Tattooing is a universal practice which has different meanings and purposes depending on which region in the world it is practised.
In Sub-Saharan Africa tattooing is generally seen as an adornment, even as a piece of clothing. Scarification is the most common form employed. This consists of making a superficial incision in the skin with the aim of leaving a scar. After the incision has been made, charcoal is rubbed in to both pigment and raise the scar.
In the Maghreb countries, tattooing has been a tradition for over 5000 years. The designs are relatively simple but very graphic consisting of skilfully composed patterns of lines, diamond-shapes, crescents and dots. The face and the hands were most frequently decorated.
The art of tattooing has been practised and developed in Polynesian culture since ancient times and plays an integral role in their society. In times gone by, tattooed inscriptions would indicate the social status of the man or woman who bore the tattoos. Tattoos were a way for Polynesians to show to which clan they belonged and would allow them to differentiate other members of their clan from the other groups. All Polynesians had to have at least one tattoo on their body.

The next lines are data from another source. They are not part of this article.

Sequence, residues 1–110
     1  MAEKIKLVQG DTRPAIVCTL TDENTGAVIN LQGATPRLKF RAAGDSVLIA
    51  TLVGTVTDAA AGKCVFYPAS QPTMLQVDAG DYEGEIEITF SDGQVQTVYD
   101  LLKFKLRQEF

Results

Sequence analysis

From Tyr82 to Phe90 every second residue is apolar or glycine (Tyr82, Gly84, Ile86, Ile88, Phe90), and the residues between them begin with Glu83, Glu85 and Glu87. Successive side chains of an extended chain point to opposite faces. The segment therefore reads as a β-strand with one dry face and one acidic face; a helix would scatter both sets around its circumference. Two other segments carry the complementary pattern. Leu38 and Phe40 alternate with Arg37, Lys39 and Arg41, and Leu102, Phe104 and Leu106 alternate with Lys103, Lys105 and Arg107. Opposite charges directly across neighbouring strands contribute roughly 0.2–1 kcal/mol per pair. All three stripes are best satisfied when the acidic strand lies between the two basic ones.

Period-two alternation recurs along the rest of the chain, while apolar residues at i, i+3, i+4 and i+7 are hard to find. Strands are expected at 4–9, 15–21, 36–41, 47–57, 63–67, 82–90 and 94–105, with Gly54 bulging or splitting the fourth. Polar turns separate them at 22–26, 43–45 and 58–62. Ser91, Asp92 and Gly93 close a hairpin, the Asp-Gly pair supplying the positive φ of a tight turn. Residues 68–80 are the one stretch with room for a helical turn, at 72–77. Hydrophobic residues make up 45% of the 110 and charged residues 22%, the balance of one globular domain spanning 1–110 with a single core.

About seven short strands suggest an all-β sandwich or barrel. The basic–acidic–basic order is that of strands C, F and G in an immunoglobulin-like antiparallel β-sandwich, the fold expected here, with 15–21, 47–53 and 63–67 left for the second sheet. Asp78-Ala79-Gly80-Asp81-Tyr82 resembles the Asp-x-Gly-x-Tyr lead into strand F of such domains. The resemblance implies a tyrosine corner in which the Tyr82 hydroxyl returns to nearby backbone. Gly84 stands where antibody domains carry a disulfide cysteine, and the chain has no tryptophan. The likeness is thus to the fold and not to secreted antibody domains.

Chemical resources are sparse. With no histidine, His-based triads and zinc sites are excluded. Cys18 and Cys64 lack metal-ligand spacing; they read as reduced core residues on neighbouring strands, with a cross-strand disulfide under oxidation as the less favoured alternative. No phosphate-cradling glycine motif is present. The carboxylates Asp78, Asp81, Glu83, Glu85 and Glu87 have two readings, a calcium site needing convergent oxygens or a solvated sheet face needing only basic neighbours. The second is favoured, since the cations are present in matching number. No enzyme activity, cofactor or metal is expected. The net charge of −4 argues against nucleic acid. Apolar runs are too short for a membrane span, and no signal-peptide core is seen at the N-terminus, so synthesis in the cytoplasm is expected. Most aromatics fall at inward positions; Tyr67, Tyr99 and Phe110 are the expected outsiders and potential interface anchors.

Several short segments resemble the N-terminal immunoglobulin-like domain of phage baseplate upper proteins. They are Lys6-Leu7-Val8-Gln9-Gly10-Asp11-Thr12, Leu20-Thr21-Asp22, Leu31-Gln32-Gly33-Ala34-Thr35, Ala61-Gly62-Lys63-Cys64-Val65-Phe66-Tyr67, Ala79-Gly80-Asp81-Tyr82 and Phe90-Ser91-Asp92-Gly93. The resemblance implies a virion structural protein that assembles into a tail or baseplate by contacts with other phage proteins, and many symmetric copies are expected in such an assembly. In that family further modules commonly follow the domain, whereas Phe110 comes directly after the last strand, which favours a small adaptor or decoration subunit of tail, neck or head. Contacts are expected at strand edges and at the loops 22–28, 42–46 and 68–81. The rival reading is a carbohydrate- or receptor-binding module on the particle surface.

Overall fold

Tattooing has long had negative connotations in the West. This form of expression was practised by convicts and criminals and also became popular amongst sailors. The designs referred to their travels, their adventures, their sweetheart left in port... In the 1960s, tattooing was still regarded as a distinctive mark used by eccentrics or members of marginal groups who wanted to demonstrate their spirit of independence. This still meant criminals, prisoners or even bikers. However, tattooing has gradually escaped these prejudices and has become more and more popular at every level of society. This practice is now losing its negative association and is becoming increasingly commonplace. Tattooing has lost its symbolic nature and more often than not, simply has an aesthetic quality.